Dr. Yoder Will Address breaking nrtVnse and lost only two r^ it a I l_i:_L. Imen from last year's team which T?. g*. £ . g *on 10 and lost eight games. School Faculties | l„ , , B.,, 1, Again The starting lineup for the in-
Several score high school and vaders will probably find 6'3" Paul college facalty members in North- Ebcrt, high-scoring; forward who western Ohio will attend Saturday tallied M point! against the Fal- at Bowling Green State University cons last year, and Loprestl at the the annual district Health and Phy- forward positions; towering fi'4" sical Education Clinic. ,-entcr Dave McDowell; with Bob
Dr. O. R. Yoder, superintendent lloltsclaw and Robertson at the of the Ypsilanti St:*.te Hospital in guard positions. Michigan, will discuss "Keeping Ebort and Holtsclaw are co-cap- Our Balance During a National tains of the squad that possess Emergency" at the general session one of the tallest men to appear after registration between 9:30jon the Bowling Green court in and 10 a.m. I some time, giant-center Chess, who
A forum discussion will be fol- stands a mere 6'7" from the hard- lowed by a community recreation woods. mixer led by Willis Edmunds, city Journey To Ashland recreation director at Akron. At' Following this game on Tues- the conclusion of the lunch- day, the Landismen travel to Ash- eon there will be a panel discus- land to meet a floundering Ashland sion on mental hygiene instruction, i.uintet. The Eagles, minus the Participants will include Mise' services of their aces Jim Rich- Hazel G. Rex, assistant supervisor!creek and Bob Sprague, have bow- of physical education in Toledo ed in five straight contest to Kent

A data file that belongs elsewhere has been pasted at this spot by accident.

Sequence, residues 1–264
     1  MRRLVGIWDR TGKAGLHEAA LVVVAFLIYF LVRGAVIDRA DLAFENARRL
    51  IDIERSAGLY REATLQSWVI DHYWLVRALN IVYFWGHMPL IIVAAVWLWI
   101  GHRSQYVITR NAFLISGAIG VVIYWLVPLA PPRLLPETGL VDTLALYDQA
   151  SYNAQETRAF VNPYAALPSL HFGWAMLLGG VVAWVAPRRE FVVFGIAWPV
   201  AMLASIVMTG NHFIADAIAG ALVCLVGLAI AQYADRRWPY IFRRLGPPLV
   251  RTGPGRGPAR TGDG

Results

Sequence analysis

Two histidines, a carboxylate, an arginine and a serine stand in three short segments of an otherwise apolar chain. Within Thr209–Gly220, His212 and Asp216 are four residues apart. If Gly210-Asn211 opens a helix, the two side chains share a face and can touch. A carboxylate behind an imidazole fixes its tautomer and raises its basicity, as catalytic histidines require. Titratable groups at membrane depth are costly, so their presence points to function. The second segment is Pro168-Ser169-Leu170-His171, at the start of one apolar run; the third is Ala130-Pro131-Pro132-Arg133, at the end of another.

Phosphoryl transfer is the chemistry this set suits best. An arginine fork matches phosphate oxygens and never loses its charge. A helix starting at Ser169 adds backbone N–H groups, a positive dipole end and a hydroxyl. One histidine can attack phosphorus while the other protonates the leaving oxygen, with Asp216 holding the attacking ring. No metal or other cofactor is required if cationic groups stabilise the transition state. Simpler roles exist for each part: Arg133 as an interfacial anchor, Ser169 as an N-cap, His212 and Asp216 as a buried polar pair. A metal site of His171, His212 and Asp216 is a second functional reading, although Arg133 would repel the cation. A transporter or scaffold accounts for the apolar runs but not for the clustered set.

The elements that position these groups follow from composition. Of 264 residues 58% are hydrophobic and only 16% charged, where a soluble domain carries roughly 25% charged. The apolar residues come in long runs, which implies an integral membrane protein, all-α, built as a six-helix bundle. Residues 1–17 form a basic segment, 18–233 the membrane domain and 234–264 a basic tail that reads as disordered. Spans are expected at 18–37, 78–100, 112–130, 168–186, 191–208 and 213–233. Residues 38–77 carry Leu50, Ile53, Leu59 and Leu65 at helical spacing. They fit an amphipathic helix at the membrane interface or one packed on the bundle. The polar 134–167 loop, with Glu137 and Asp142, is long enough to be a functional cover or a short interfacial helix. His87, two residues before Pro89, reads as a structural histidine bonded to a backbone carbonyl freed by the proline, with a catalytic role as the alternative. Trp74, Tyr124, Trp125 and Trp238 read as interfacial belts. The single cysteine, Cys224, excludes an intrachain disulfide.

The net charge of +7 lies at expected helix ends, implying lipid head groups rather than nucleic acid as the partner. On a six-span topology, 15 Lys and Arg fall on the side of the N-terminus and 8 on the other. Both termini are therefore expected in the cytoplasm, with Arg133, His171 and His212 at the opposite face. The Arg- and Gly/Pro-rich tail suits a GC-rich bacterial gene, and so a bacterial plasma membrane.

Sign On The Line Coxmen Meet Kent Staters and Kenyon
Cox Must Revamp Lineup As Swimmers Join
Armed Forces
schools. Women See Movies
During the afternoon women will see motion pictures on basketball and volleyball, modern dances and demonstrations of hockey, skee ball and indoor speed ball.
Meantime, the men will discuss methods of physical education and divide into groups concerned with high school intramurals, six-man football, boxing and wrestling.
Three members of the Physical education faculty comprise tile committee in charge. They are Fred Marsh, chairman, Miss Caro- lyn Shaw, and Harry Ockerman.
State, Heidelberg. Wilmington, Capital, and Findlay, scoring but 180 points to their conquerors 304.
Last year, on the home court, Ashland won a very slow 30-24 game from the Orange and Brown,
Notes From The Northeast
Toni«hi >t 7:15 (he WAA is having an Ice Skating Party on the pond back of the Women's Gm. All members of the WAA are invited. For those who do not wish to skate, there will be games in the gym. If the weather is not suitable, a Sport Night will be held in the gym. The following committee chairmen arc in charge of the affair: Mary Holt, food; Ice-games, Marge Ripley; Gym- games, Marie Evans; Fire, Phyl Fauble .
The badminton team of Kock- laum and Bentley were declared champions over the Penton, Rip- ley, snd Davis combine in the final game of the tournament. The Krill, John, and Mellam team cop- ped second place when they de- feated Benroth, Brown, Rataiczak, and Wood by a 2-0 score. Thirty- one girls received credit toward the WAA award.
Table Tennis will be opened daily from 4-6 p.m.
A new dab ia being formed for girls desiring to bowl. It will meet every Monday and Wednes- day or Tuesday and Thursday at the Premo Bowling Alleys at 16c per line. Instructions will be giv- en daily. Any group of five girls who wish to form a team to enter the tournament may do so. Entry blanks may be obtained from the WAA office. The tournament will begin the second semester.
Basketball season is in fall swing over here in the north east corner of the campus with ten teams all clamoring for first place. The climax of this sport will be an All Star Game with the best basketeers of all the teams participating.
Coeds at Bowling Green State University won 19 firsts and 12 seconds in the 35 classes in which they competed at horse shows in 1WL *
They finished out of the ribbon only seven times in the 10 shows in which they entered. In the Ohio Intercollegiate Horse Show, the only one limited to college competi- tion. Bowling Green women won fire of the seven blue ribbons.
Best individual rider is Marie Decker, senior from Findlay, who never rode until two years ago. In the seven shows she entered during 1941, she won six firsts and five seconds. She has received a ribbon in every class in which she has showed.